The real-life story behind Beauty and the Beast

by Staff writer

It’s truly a tale as old as time.

While the famous Disney cartoon might have looked too fictitious to be true, believe it or not, Beauty and the Beast stems from real-life events dating back to the 1500s.

The beast’s name was Petrus Gonsalvus, a boy born covered in hair and regarded by many to be a monster.

Gonsalvus never wanted to be called a beast. But it was the year 1537, and in that time, people with interesting “peculiarities” were a hot commodity in royal courts.

At the young age of 10, Gonsalvus was taken to King Henry II’s court in a cage.

Likened to being a real-life wolf-man, Gonsalvus the “monster” was a monster hit amongst curious noblemen and women.

People awaited the reputed “man of the woods” to bare his teeth and reveal his savage side. But that day never came. Gonsalvus’s even-keeled temperament persisted.

Today, we know that this wolf-man was no beast — just a kid who suffered from an extremely rare condition called hypertrichosis, a disease that results in hair growing all over a person’s body.

Unsure of what to make of the small and feral-looking boy, Henri II decided to try and educate what was a “demi-human” in many people’s eyes. Locked in a barren room, he was given raw meat and animal feed for sustenance.

Petrus Gonsalvus

The furry boy soon became versed in not just the basics of literature, but in the etiquette of nobility.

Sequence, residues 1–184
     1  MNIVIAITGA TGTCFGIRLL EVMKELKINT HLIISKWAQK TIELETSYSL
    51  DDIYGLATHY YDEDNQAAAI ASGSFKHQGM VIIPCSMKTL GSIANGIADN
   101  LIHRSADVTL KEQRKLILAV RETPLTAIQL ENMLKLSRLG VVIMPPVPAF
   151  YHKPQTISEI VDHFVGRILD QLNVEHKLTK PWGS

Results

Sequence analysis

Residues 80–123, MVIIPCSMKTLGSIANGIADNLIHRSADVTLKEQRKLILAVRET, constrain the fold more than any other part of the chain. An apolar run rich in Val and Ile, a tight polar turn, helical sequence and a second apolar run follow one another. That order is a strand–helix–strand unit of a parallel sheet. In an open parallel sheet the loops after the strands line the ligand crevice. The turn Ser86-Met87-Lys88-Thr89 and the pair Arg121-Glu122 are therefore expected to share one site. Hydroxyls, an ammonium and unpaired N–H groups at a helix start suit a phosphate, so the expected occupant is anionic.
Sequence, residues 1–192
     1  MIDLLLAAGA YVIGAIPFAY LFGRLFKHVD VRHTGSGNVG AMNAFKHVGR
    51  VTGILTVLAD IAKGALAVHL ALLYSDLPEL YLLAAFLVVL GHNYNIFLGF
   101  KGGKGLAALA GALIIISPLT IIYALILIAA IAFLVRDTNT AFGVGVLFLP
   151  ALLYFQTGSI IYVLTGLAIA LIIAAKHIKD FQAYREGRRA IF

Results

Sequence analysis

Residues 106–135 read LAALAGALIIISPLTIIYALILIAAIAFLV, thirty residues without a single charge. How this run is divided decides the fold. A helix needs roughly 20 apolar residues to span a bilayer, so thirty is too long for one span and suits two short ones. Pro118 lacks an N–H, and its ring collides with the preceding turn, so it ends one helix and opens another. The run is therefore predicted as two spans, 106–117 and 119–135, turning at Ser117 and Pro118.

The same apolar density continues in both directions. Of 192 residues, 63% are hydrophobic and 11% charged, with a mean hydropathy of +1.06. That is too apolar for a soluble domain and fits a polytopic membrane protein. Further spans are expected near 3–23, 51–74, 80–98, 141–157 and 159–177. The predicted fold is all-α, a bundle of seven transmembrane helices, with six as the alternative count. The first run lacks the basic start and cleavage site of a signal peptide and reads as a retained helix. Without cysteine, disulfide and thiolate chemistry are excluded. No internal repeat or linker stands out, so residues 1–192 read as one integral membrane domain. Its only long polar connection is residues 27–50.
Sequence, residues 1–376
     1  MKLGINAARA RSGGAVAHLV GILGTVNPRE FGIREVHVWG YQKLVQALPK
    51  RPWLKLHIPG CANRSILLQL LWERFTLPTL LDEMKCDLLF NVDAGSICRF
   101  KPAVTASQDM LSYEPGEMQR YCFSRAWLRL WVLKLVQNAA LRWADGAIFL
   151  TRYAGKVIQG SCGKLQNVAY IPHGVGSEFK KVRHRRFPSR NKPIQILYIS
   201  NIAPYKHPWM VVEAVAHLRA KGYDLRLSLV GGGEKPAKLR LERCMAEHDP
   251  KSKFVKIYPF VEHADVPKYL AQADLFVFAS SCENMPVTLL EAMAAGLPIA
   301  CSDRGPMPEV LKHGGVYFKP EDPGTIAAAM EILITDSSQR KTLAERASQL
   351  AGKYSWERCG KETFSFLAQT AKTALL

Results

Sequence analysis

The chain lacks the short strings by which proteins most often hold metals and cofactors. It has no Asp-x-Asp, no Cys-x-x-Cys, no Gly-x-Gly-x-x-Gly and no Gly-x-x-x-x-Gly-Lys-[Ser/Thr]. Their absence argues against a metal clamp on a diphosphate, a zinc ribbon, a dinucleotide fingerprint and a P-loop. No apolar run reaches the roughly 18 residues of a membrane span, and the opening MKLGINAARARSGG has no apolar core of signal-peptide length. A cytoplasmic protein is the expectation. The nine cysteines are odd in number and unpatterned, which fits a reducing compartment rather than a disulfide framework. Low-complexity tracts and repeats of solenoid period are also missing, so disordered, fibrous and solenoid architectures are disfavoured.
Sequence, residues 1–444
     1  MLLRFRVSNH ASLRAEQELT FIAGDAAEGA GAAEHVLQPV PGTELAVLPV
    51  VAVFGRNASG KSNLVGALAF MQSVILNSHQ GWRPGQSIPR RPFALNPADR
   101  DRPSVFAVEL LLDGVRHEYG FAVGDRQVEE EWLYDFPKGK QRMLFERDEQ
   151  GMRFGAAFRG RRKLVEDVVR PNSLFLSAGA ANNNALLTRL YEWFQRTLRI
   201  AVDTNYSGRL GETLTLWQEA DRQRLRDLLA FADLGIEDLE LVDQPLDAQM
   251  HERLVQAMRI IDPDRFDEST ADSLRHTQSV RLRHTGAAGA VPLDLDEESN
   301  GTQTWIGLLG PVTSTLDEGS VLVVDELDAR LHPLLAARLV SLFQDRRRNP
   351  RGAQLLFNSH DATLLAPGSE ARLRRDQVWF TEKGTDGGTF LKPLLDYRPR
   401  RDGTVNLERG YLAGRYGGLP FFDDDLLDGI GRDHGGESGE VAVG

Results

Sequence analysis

He quickly became a court asset, attracting ambassadors and foreign dignitaries into his company. He took to wearing lavish robes with high collars to compliment his furry face.

No more did he dine on the butcher’s trimmings, but instead the fine dining his royal stewards had to offer.

According to the tale, Catherine de’Medici, King Henry II’s wife who took over the throne after he died, made finding Gonsalvus a wife her personal mission.

She had ulterior motives, though — in marrying Gonsalvus off, she also hoped to reproduce his genetic condition in his offspring.

More hairy entertainment for her royal court.

Acting as the dating app of the 16 century, she kept Gonsalvus’ condition a secret.

She was seeking a strong woman who wouldn’t be put off by someone unconventional.
After a thorough search, Catherine settled on a woman who shared her name — Catherine.

Catherine wearing a yellow dress.

It’s rumored that, at first, this arranged marriage was a bitter pill for the young beauty. Clearly, Catherine hadn’t been expecting a nobleman in a hairy wolf’s package.

Yet in a series of events straight out of Beauty and the Beast, Catherine was eventually won over by her “beast’s” personality.

We don’t know what happens after the wedding in Beauty and the Beast, but we do know what happened to Catherine and Pedro Gonsalvus.

The pair was married for 40 years and they produced seven children, three of whom were born with hypertrichosis, the same condition their father had.

Sadly, Europe’s traveling sideshow fever snatched those three children up and sent them as gifts to royal families, a fate that mimicked Gonsalvus’ own.

The Gonsalvus girls were well educated, well respected members of court, but doomed to be separated from their parents.

One daughter, Antonietta, was famously memorialized in a series of portraits.

After these tragedies, the fairy-tale couple settled in a secluded estate in Italy, where they lived a life that wasn’t written down.
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